The Law of Divorce
Divorce, custody, child support and alimony are matters of state law. In a divorce, issues of property division, child support, child custody, and alimony are decided by the judge in a trial, or agreed on by the parties in a Separation Agreement, which can be negotiated by their lawyers or in mediation.
Pennsylvania lists several grounds for divorce in its statutes, including (1) adultery; (2) conviction of a felony and sentence to prison; (3) cruelty [usually meaning repeated physical abuse]; (4) desertion at least one year ago; and (5) “living apart” , the no-fault ground, which means living apart continuously and permanently for one year (or six months, if you have no children and a Separation Agreement).
While all of these grounds for divorce are recognized as valid by Pennsylvania courts, a divorce is not granted until one of the above grounds is proved to the court. At some point in the divorce process, a hearing or a deposition will take place during which at least one spouse and at least one witness must testify. Even if the grounds for divorce are uncontested, this hearing is a necessary part of the divorce process. The facts of your case, and which city or county you live in, will also affect how long it will take for the divorce process to be completed.
The essential steps in the divorce process are:
(1) The “Bill of Complaint for Divorce” is filed by one spouse, who is called “the Complainant”, and is served on the other spouse, “the Defendant,” by a process server, or by the other spouse signing an Answer, a Waiver or an Acceptance of Service, or by other legal means of Process Service.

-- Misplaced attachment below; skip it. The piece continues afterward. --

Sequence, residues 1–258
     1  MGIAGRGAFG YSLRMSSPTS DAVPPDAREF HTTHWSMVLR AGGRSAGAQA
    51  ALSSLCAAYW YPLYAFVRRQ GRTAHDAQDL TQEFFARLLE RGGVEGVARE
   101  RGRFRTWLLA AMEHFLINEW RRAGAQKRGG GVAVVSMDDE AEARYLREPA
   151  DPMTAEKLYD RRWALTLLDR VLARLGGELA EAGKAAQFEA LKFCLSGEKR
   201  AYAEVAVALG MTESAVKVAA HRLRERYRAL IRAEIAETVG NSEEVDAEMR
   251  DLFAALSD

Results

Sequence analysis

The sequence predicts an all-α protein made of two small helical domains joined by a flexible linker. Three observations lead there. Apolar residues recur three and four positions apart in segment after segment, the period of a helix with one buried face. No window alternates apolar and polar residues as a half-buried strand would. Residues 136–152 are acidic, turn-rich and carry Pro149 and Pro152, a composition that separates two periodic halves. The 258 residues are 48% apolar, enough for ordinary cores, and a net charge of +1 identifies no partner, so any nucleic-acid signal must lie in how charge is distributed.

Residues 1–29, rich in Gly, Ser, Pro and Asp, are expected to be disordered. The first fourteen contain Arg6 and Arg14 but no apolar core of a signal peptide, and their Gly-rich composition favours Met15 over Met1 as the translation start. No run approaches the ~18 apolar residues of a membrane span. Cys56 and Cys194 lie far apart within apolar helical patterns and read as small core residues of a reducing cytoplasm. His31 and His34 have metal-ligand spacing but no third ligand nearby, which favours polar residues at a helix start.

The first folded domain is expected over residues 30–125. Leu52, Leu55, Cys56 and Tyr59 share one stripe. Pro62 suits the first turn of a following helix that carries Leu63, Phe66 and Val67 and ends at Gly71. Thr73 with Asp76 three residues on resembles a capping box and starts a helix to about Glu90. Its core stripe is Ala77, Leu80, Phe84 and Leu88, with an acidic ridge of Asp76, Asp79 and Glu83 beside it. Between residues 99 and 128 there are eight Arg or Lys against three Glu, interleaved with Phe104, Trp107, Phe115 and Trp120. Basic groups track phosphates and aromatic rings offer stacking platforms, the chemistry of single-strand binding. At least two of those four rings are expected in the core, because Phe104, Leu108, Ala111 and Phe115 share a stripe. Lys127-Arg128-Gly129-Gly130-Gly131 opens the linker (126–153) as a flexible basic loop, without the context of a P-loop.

(2) After the Defendants “Answer” is filed, or 21 days have passed without the filing of an answer, the complainant’s lawyer can file to have the case referred to a “commissioner in chancery” for a hearing on the grounds of the divorce. The commissioner, after hearing the evidence, will file a recommendation that the judge grant a divorce. In some counties, evidence is instead heard by a judge, or in a deposition.
(3) If there is any disagreement on matters of custody, support or property division, these matters must be heard by a trial judge in open court, and decided, before the divorce decree can be signed by the judge. One of the spouses’ lawyers drafts the divorce decree and any other court orders.
(4) If there is no dispute about the grounds of divorce and everything has been agreed upon, a draft decree is then filed with the judge, who often has law clerks review its wording.
(5) When the final decree is signed by the judge, the spouses are divorced.
This list of steps is not all-inclusive; it is very brief and provides only a summary of the process involved. Not included is the approximate amount of time between each of the steps or the delays or additional steps that are possible because of specific details of the case, ideas the judge may have, or local rules requiring “custody education” and mediation evaluation.
In most cases, negotiation of the divorce settlement not only expedites the process, but also makes it somewhat less expensive. Face-to-face Mediation with both spouses is sometimes used to supplement negotiation. If negotiation or mediation is successful, the resulting “Separation Agreement” or “Property Settlement” is legally binding on both parties. At the time of the actual divorce decree it can be presented to the judge and made part of the divorce decree itself, thus becoming a court order, enforceable by the contempt-of-court process if it is violated.
Important to note in considering divorce are the legal costs involved as well as the court costs (such as the court’s filing fees, court reporters, and process servers, which are separate from attorney fees). Attorney’s fees may be under $1,000 for a totally uncontested, completely simple divorce, or a few thousand dollars for an unusually easy divorce, but more contentious divorces cost tens of thousands of dollars, sometimes hundreds of thousands.